On Tuesday 16th November 2021, the Court of Justice of the European Union (‘CJEU’) ruled that Hungary had broken EU law by making it an offence for people or groups to help migrants make asylum applications. The Hungarian law also mandated denial of asylum to asylum-seekers who arrived in Hungary after travelling through ‘safe countries’, including Serbia and other Balkan states. The law has been referred to, by some, as ‘Stop Soros’. This is a reference to the Hungarian-born US billionaire George Soros, who some claim has encouraged migration into Hungary.
Hungary has been on a collision course with the European Union for some time over this issue. In 2015, Hungary had erected razor wire on its borders with Serbia and Croatia, in order to stop the entry into the country of up to a million migrants who were crossing the mainland Europe. The ‘Stop Soros’ law was passed by the Hungarian parliament, the Országgyűlés, in June 2018. It made the ‘promotion of illegal immigration’ a misdemeanour, breach of which could result in a term of imprisonment of anywhere between 5 and 90 days. Additionally, a term of up to one year imprisonment can be imposed for those who ‘regularly conduct organising activity’ aimed at the promotion of illegal migration. Prior to the enactment of the legislation, Hungarian interior minister Sandor Pinter had stated the purpose of the legislation. He said:
“An action plan is needed in order to protect Hungary. The STOP Soros legislation represents such an action plan. The people of Hungary rightfully expect the government to take action using every means at its disposal against illegal immigration and activity promoting it. The STOP Soros legislation serves this purpose by making the organization of illegal immigration a punishable offense. Through this proposed legislation, we want to prevent Hungary from becoming a country of immigration.”
Last week (week commencing 8th November 2021), the European Commission referred Hungary to the CJEU, stating that Hungary had failed to comply with a 2020 Court of Justice order requiring Hungary to reform its asylum legislation. The CJEU has upheld the European Commission’s claims, making two key findings:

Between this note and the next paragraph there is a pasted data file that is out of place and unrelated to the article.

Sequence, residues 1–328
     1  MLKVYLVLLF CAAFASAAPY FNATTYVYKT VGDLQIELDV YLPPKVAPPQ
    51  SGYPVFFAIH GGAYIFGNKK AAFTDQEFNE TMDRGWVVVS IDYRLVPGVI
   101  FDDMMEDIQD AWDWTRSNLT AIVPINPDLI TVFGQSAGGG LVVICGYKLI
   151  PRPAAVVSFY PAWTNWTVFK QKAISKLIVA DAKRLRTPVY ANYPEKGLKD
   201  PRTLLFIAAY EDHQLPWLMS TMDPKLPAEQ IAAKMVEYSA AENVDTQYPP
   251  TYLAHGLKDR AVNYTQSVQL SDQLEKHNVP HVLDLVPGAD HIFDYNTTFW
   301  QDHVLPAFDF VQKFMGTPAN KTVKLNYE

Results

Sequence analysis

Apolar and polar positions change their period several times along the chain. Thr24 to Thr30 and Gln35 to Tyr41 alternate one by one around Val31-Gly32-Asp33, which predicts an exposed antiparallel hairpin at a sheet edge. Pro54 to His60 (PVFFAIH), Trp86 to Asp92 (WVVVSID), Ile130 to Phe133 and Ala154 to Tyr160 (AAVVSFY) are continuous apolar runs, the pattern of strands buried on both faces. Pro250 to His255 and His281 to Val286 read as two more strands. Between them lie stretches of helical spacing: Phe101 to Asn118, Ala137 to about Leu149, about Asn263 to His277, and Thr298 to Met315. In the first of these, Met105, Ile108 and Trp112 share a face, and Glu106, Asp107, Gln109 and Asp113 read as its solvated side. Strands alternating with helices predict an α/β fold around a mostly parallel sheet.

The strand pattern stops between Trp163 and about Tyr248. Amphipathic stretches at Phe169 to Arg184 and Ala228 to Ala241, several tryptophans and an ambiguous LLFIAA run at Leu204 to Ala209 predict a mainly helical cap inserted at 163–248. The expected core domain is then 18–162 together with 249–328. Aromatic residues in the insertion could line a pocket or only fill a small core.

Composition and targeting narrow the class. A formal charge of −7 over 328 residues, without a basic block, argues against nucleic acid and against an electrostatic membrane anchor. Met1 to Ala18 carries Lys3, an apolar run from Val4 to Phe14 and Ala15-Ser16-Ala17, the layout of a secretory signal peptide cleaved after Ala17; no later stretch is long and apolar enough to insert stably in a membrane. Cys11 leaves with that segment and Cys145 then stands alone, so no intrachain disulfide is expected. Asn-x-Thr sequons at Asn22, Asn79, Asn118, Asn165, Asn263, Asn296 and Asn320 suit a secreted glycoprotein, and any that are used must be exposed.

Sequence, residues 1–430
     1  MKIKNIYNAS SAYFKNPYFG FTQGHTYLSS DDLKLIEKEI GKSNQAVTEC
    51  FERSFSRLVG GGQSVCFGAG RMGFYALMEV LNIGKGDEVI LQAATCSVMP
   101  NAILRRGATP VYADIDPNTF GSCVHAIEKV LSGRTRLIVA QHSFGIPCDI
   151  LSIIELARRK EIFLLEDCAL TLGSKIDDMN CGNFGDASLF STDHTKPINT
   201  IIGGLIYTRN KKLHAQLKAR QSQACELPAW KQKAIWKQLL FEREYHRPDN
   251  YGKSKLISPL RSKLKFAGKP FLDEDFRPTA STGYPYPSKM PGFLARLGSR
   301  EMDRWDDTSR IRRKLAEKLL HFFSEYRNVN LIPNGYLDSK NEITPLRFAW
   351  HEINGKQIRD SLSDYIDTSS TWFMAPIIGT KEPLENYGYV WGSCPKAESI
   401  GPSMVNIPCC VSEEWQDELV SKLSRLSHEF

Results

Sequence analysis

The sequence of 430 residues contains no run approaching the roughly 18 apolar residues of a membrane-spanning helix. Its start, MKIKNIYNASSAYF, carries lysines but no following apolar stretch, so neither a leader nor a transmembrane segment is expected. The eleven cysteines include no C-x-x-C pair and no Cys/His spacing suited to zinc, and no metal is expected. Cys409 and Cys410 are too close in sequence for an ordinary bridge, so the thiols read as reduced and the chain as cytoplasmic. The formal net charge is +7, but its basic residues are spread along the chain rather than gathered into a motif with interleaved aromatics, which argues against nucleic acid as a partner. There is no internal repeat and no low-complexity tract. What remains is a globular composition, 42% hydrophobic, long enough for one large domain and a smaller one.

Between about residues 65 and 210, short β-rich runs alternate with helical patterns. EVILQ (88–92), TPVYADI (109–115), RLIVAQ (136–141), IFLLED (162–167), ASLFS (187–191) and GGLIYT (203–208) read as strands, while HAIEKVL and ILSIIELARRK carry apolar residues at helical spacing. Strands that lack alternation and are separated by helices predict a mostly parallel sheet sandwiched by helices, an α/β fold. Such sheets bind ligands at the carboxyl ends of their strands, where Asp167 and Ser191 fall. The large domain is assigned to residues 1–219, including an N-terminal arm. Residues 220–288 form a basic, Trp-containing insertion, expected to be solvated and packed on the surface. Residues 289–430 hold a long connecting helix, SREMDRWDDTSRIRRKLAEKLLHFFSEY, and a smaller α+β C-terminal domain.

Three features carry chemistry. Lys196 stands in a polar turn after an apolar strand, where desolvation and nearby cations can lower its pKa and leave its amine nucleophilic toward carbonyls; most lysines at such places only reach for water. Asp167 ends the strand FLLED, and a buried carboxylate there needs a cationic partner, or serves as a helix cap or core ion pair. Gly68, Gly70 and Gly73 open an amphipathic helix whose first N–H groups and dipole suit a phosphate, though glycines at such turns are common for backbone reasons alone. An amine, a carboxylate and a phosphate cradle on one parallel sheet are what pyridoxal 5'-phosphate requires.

· that Hungary’s law violated EU law when it denied asylum to applicants who arrived on its territory via countries “in which that person was not exposed to persecution or a risk of serious harm.”
· that Hungary’s law violated EU law by criminalizing assistance for asylum applicants, despite knowing that the application would be denied.
Zoltán Kovács, a spokesperson for the Hungarian government, reacted to the ruling by saying that Hungary accepts the ruling but will continue to resist "pro-immigration plans".
"Hungary's position on migration remains unchanged: Help should be taken where the problem is, instead of bringing the problem here. In other words, migration to Europe must be stopped and Europe's future must be based on families.
We reserve the right to take action against the activities of foreign-funded NGOs, including those funded by George Soros, seeking to gain political influence and interference or even to promote migration." 
Note: This post is for information and educational purposes only. It is not, and is not intended to be, legal advice. If you need legal advice, you should contact an appropriate lawyer.
© Cambridge Legal English Academy 2021